Examples of Approaches in Food
One of the most mature examples of the use of large datasets in food safety is the use of WGS-based subtyping methods by both public health and regulatory agencies. In the U.S., the CDC and state partners are performing WGS on every human clinical Listeria monocytogenes isolate. Similarly, regulatory agencies such as the U.S. FDA are currently performing WGS of foodborne pathogen isolates obtained from foods and food associated sources. WGS will determine the sequence of virtually all 3 million nucleotides (A, T, C, and Gs) in the Listeria monocytogenes genome, typically with at least a 20-fold coverage, therefore creating 60 million data point per genome, which is used for extremely high resolution subtyping. Use of these WGS tools has significantly improved the ability of public health agencies to detect human listeriosis outbreaks, which allows for identification of more outbreaks than with previous subtyping tools (i.e., pulse field gel electrophoresis), including detection of smaller outbreaks (with less than five cases) that may also have gone undetected previously. As these tools are being applied to other pathogens, in particular Salmonella, the number of detected outbreaks caused by these other pathogens will likely increase considerably.
In addition to WGS, metagenomics-based tools also provide large datasets (often providing gigabases of sequence data), which can help characterize total microbial populations in samples. These tools have allowed for detection of new or previously unrecognized pathogens in clinical and food samples and have been shown to detect pathogens that were undetected by traditional microbiological methods. These methods also can facilitate detection and identification of spoilage issues and could be used as untargeted screening tools for raw materials streams and ingredients.
Use of geographic information system (GIS)-based datasets to predict and manage food safety risks are also rapidly gaining traction. For example, recent studies have shown how GIS data can be used to predict locations and time intervals that may represent a higher risk for foodborne pathogen contamination in fields.
While there clearly is considerable potential for big data-based approaches to facilitate improved approaches to food safety and food quality, a number of challenges remain for industry to take advantage of these tools. Most of these challenges are not unique to this industry, but some of them may be more pronounced. For example, data capture in the food industry is still often manual and often involves paper records that cannot be used easily for data mining. Also, there are few trained data scientists who are also familiar with food systems type issues (or food systems scientists who can work with large datasets), which further affects the ability of industry to develop and implement effective systems that utilize large datasets to address food safety and quality issues. Based on these and other challenges, there is a clear need for the industry to take action to prepare to take advantage of big-data tools and solutions for food safety and quality dilemmas.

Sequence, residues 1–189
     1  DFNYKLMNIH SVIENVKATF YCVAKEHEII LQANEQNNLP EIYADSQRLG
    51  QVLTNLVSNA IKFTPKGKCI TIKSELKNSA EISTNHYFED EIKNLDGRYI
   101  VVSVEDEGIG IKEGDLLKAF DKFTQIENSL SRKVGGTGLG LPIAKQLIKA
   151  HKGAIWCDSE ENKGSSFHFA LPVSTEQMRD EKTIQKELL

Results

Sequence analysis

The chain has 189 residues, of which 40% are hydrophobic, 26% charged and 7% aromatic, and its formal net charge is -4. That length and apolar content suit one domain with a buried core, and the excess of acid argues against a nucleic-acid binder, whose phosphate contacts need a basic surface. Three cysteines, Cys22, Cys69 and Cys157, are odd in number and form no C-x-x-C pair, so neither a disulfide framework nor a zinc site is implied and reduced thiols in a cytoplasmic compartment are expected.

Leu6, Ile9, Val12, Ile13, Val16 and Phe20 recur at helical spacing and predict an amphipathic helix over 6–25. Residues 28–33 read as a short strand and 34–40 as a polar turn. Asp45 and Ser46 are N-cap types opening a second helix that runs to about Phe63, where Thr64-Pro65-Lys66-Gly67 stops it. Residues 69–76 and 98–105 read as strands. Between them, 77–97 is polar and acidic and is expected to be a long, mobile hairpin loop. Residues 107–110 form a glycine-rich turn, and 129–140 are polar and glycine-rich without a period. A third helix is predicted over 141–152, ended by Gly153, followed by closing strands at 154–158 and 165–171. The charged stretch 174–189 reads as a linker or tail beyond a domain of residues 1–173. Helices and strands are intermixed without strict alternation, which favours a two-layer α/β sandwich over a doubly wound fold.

What Could the Future Bring?
With the rapid advances in both collection and analysis of big data, it can be valuable to speculate on what the medium- and long-term future may look like as these tools are increasingly applied to food safety and quality. For example, the use of WGS for characterization of foodborne pathogen isolates by regulatory and public health agencies in the U.S. has gone hand-in-hand with rapid public release of full sequencing data. This puts industry in a position where it may soon be able to monitor subtype data for human clinical isolates and where it can then rapidly detect possible outbreaks, e.g. through comparisons with subtype data for isolates from processing facilities and other data (e.g., distribution pathways, purchase patterns). In the processing environment, integration of diverse data sources with historical microbial testing data may not only allow for improved and accelerated root cause analysis, but also for prediction of time intervals that may present lower and higher risk for spoilage or food safety issues; this information could be used to adjust food safety and operational practices in near real-time to include additional barriers and controls, including adjustments in preventative maintenance schedules, etc. Data sources that could be used in these analyses include weather patterns, environmental parameters in a facility (monitoring humidity, dews points, etc.), and equipment related parameters (vibration, flow rates, etc.).
With possibilities that may seem nearly unlimited, it’s essential for industry to critically evaluate its needs and high impact areas and define specific questions and issues, rather than simply collecting increasingly large datasets and hoping that “something useful will come out of it.”
Dr. Wiedmann is the Gellert family professor of food safety in the Department of Food Science at Cornell University and a member of the Cornell Institute for Food Systems. He also serves as director of graduate studies for the Field of Food Science and Technology at Cornell. Reach him at email@example.com.
AUTHOR ACKNOWLEDGEMENTS: I acknowledge helpful and stimulating discussion with many colleagues on the topic of big data in food safety, including with Frank Yiannas, Pajau Vangay, Laura Strawn, Jamie Kaufman, Sean Leighton, Barbara Kowalcyk, Julie Stafford, Courtney Parker, and many others. This article is based on a presentation at the 2014 Cornell Food Systems Global Summit.